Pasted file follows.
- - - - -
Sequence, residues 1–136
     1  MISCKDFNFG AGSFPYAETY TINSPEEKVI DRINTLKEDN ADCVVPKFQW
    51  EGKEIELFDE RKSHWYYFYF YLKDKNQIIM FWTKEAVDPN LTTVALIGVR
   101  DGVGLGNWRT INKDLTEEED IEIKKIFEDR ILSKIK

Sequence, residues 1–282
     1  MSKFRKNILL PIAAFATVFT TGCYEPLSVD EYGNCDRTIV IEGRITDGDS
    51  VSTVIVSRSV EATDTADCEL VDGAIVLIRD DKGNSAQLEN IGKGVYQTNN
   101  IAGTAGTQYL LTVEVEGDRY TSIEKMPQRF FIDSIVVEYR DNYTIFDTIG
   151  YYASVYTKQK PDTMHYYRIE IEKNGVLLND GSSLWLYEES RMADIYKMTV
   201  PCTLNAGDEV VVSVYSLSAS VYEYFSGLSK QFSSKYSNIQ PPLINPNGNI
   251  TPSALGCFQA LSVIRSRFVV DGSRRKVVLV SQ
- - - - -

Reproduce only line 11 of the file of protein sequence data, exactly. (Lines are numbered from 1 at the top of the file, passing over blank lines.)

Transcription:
   251  TPSALGCFQA LSVIRSRFVV DGSRRKVVLV SQ